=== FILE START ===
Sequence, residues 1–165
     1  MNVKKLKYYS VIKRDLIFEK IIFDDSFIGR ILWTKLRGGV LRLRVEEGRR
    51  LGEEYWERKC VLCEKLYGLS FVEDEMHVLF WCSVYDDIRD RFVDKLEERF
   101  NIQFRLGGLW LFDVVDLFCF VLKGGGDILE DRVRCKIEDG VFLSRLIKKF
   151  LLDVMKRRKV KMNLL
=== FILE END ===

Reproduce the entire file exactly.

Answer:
Sequence, residues 1–165
     1  MNVKKLKYYS VIKRDLIFEK IIFDDSFIGR ILWTKLRGGV LRLRVEEGRR
    51  LGEEYWERKC VLCEKLYGLS FVEDEMHVLF WCSVYDDIRD RFVDKLEERF
   101  NIQFRLGGLW LFDVVDLFCF VLKGGGDILE DRVRCKIEDG VFLSRLIKKF
   151  LLDVMKRRKV KMNLL